10. Lady Rose’s wedding drama (Season 5, Episode 8)
In “Downton Abbey,” fairy tale happiness is often given after a ton of drama. Take, for instance, this Season 5 episode, where several of the franchise’s most adored characters, including Lady Rose MacClare (Lily James) and our beloved Anna Smith, are dealt some genuinely ridiculous curveballs. From Lady Rose having to deal with a photo-driven scandal before her wedding to Anna being arrested for possible mu*rder, this installment certainly knows how to deliver on the theatrics that fans of the show find delightfully juicy.
Despite all of the ridiculous antics within the various plots, this episode brilliantly mixes intensity with heartfelt narrative rewards. There’s, of course, the well-done conclusion to Lady Rose’s wedding arc, but there’s also the tear-filled sequence of Lord Grantham, aka Robert Crawley (Hugh Bonneville), giving the precious Mrs. Beryl Patmore (Lesley Nicol) a special memorial for her departed nephew. These moments ultimately feel earned by the time viewers get to them and symbolize how great “Downton” can be when it honors the characters who deserve to be recognized for their goodness.
9. The flu and an arrest (Season 2, Episode 8)
The eighth episode of Season 2 certainly doesn’t pull any punches. From Lady Sybil announcing her romantic future with chauffeur-turned-journalist Tom Branson (Allen Leech) to multiple characters getting the Spanish flu, this chapter in the “Downton” legacy feels like a rollercoaster that gets more outlandish with each turn. Don’t forget Lord Grantham having an affair with housemaid Jane Moorsum (Clare Calbraith) and Matthew’s fiancee, Lavinia Swire (Zoe Boyle), dying near the episode’s conclusion.
Still, there’s one genuinely jaw-dropping aspect that got this episode onto the list: Mr. Bates getting arrested for the mur*der of his estranged wife. With the marriage between Bates and Anna only happening a few moments prior, this final sequence continues to leave viewers in absolute shock. It brilliantly juxtaposes the fairy tale happiness of these two beloved characters with a terrifying outcome. This turn of events likely led audiences to understand the dark places this usually comforting series would go in later seasons.
8. A bloody evening (Season 6, Episode 5)
For the most part, “Downton Abbey” is a sweet little show that rarely shows a drop of blood. Yes, Season 2 showcased the bloodshed of war, but by most accounts, a visit to the world of the Crawleys isn’t considered violent. Then, Season 6 brought on one of the crazier series of events, all of which leads poor Lord Grantham’s ulcer to explode mid-meal. Is it a “Downton” scene that will live in infamy? Absolutely. But that, along with this episode’s other fascinating features, is what makes it an essential part of the “Downton” experience.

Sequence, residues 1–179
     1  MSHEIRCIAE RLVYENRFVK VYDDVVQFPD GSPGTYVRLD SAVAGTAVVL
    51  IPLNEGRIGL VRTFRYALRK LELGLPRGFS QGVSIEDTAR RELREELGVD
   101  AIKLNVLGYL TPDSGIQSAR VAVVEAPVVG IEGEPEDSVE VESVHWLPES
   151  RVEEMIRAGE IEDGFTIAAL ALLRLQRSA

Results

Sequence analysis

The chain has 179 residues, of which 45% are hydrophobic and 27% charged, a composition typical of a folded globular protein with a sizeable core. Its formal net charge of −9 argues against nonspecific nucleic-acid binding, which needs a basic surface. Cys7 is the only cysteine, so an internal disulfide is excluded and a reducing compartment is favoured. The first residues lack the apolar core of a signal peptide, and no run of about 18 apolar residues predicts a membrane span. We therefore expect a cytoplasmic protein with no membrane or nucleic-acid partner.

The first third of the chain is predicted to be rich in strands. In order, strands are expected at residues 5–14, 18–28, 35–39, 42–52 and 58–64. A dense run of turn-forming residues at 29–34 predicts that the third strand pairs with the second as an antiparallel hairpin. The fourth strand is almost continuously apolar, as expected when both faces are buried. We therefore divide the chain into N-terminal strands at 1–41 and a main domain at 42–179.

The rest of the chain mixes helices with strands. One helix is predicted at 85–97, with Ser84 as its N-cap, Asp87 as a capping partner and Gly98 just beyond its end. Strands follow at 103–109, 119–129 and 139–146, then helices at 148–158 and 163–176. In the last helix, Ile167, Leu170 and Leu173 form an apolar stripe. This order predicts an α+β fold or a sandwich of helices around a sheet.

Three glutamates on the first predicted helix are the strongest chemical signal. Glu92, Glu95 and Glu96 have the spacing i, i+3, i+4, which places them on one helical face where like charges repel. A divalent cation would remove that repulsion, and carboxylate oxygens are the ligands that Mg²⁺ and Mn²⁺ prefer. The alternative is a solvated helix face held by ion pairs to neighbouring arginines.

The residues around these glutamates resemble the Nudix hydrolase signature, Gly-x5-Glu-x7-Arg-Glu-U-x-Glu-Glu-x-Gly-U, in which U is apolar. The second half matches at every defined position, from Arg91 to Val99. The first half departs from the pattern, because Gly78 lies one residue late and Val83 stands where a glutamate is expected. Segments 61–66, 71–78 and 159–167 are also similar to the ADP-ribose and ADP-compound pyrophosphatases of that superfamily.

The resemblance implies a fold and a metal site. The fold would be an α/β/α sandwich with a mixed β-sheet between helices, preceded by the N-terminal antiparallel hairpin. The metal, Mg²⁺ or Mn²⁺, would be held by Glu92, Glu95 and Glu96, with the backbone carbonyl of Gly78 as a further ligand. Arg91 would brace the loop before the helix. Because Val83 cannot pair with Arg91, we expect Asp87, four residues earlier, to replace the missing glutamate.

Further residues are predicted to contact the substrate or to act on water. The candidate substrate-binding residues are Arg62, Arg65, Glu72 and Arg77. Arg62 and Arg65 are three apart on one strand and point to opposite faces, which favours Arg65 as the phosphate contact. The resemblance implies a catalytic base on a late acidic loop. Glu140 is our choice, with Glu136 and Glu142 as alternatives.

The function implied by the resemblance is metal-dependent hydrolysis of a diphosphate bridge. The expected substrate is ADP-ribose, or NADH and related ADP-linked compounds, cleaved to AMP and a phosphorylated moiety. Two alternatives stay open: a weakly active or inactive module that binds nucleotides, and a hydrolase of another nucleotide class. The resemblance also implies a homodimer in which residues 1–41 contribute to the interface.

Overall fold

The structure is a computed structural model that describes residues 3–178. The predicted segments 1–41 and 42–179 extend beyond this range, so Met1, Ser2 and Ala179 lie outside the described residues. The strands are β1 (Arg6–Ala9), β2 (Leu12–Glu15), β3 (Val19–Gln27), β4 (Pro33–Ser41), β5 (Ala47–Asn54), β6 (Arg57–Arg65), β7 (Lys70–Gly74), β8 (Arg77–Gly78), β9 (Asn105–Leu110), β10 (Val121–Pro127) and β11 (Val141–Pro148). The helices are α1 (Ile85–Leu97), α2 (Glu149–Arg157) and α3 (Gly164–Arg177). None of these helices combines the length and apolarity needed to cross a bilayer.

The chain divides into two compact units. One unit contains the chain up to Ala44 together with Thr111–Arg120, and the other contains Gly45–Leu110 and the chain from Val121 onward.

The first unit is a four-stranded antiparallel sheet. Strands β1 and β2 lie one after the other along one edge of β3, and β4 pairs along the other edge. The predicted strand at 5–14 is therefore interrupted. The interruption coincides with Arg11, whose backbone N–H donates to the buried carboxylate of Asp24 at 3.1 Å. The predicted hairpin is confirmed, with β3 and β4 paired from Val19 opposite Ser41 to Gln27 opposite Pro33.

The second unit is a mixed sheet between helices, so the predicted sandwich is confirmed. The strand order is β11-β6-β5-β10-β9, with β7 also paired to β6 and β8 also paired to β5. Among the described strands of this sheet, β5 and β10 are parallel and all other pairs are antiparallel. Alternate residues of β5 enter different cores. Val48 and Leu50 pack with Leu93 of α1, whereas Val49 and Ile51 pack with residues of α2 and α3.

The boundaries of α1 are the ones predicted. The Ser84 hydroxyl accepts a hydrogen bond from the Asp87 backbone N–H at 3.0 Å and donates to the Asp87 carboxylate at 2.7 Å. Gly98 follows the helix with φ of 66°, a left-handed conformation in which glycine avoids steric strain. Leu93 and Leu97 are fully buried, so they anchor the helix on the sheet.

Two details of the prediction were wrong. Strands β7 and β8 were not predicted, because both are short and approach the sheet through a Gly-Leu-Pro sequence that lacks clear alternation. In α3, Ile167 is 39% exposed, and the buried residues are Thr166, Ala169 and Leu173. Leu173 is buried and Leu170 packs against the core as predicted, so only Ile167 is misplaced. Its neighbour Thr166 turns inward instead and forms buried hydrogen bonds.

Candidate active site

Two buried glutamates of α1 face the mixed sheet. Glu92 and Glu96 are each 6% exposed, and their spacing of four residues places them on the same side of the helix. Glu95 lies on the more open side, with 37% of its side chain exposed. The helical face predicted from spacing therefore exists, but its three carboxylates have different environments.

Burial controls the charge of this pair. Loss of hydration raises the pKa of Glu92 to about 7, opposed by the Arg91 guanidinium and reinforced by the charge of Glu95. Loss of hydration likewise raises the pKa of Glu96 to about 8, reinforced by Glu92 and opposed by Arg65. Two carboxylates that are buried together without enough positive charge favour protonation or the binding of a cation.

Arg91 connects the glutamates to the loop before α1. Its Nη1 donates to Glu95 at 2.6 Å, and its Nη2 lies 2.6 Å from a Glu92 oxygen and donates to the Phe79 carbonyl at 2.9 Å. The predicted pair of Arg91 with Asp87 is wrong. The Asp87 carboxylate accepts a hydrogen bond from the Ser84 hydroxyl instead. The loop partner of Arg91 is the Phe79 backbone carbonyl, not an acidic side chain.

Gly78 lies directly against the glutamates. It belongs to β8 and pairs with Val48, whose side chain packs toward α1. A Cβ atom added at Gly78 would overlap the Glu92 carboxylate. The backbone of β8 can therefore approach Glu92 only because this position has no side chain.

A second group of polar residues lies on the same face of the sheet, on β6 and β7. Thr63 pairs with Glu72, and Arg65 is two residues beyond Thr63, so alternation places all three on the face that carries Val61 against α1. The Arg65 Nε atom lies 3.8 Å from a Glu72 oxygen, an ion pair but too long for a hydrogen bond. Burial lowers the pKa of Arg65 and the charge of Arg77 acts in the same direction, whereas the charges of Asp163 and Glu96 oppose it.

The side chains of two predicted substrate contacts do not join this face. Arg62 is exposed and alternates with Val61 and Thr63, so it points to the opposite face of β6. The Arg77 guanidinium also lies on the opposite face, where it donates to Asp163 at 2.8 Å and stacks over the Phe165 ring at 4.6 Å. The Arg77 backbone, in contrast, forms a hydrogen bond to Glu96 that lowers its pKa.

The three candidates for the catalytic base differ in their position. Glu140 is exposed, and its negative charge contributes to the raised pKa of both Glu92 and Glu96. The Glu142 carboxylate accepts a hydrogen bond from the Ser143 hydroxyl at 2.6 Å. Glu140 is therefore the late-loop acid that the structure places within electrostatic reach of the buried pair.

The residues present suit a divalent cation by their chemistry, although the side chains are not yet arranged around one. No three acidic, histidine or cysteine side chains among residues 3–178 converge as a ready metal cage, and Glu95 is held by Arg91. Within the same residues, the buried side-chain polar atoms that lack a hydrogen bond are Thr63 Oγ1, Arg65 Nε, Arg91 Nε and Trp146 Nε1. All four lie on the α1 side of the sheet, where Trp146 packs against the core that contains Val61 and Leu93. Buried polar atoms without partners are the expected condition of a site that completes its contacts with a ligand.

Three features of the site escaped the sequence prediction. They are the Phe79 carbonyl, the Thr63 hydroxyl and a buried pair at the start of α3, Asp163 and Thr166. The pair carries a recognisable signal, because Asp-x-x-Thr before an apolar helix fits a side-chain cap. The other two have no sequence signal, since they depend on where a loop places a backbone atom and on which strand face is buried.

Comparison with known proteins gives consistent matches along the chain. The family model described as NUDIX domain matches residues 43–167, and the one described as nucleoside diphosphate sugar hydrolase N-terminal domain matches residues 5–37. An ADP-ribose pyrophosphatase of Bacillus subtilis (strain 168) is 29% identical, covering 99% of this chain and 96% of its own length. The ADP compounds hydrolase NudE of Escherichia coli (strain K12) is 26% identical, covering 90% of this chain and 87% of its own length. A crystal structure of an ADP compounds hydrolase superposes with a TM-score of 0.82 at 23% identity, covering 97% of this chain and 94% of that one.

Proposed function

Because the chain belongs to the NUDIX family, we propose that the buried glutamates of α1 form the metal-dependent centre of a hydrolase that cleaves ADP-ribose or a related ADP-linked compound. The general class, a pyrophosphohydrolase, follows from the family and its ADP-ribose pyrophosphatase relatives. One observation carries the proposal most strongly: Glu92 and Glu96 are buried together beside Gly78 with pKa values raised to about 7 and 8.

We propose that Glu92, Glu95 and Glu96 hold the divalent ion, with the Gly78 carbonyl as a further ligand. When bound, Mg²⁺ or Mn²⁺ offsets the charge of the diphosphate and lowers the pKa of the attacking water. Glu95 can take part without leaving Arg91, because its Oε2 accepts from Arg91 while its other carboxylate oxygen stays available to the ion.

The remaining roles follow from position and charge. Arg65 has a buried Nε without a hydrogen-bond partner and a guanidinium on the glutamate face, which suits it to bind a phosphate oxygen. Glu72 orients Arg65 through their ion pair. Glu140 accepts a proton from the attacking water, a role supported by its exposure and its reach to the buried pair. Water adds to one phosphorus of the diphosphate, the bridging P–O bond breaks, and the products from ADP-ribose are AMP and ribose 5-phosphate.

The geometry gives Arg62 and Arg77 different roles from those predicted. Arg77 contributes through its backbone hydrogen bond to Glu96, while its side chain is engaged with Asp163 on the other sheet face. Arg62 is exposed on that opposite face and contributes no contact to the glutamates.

From Dr. Clarkson (David Robb) and Denker facing off against each other to Lady Mary and Branson taking charge of the community around them, this episode is all about the comforts of life changing in an instant. Of course, that is an over-arcing theme that the show often explores. Still, this episode is one of the better installments to dive deep into the matter, particularly on a human level as the ending shows Mary and Edith contemplating their father’s (and their own) mortality.
7. Edith vs. the altar (Season 3, Episode 3)
If there ever was a “Downton Abbey” character that deserved a happy ending, it’s Lady Edith. Known for being the middle Crawley sister, she had her fair share of awful situations thrown her way throughout the series. Still, no episode was more devastating for fans to watch than the one centered around her ill-fated wedding to Sir Anthony Strallen (Robert Bathurst). The episode starts off promisingly enough, with scenes of Edith proclaiming her excitement that her family is finally focusing on her. But as things progress, it becomes clear that Sir Anthony’s once positive outlook on their May-December romance has quickly faded, resulting in one of the most jaw-dropping chains of events in the entire show.
From the skilled direction by Andy Goddard to the top-notch performances by the entire cast, every member of the “Downton” team is at their A-game in this episode. But the aspect that shines the most is how this plot line sets Edith up for her eventual dramatic journey. She is the sister who feels the most like a Charlotte Brontë heroine, and this moment is just the beginning of her downright painful (yet eventually rewarding) arc.
6. All the war drama (Season 2, Episode 5)
As the effects of World War I become part of the Crawley family’s lives, the story goes full speed ahead during the fifth chapter of Season 2. Not only do we get to witness the sad but beautiful reunion between Lady Mary and Matthew, but this is the episode where a much injured William Mason asks Daisy to marry him, a question that changes the course of Daisy’s simple life. Sure, this part of “Downton Abbey” might not have as many glamorous sequences or dining moments that have become staples of the franchise, but that doesn’t matter here. What does matter, though, are the heartfelt emotions on display.
Between Dan Steven’s brilliant take as a war-torn Matthew to Michelle Dockery finally letting Mary wear her heart on her sleeve, this episode is full of all the raw emotions fans love to witness from the show’s talented cast. But the star at its center is Thomas Howes’ earnest portrayal of William. From the beginning, William has been a character whose heart is as big as the house he worked in, and Howes does a fantastic job of making audiences love this underdog even more. Ultimately, while this episode is emotionally brutal, performances like these make it a worthwhile entry in the series.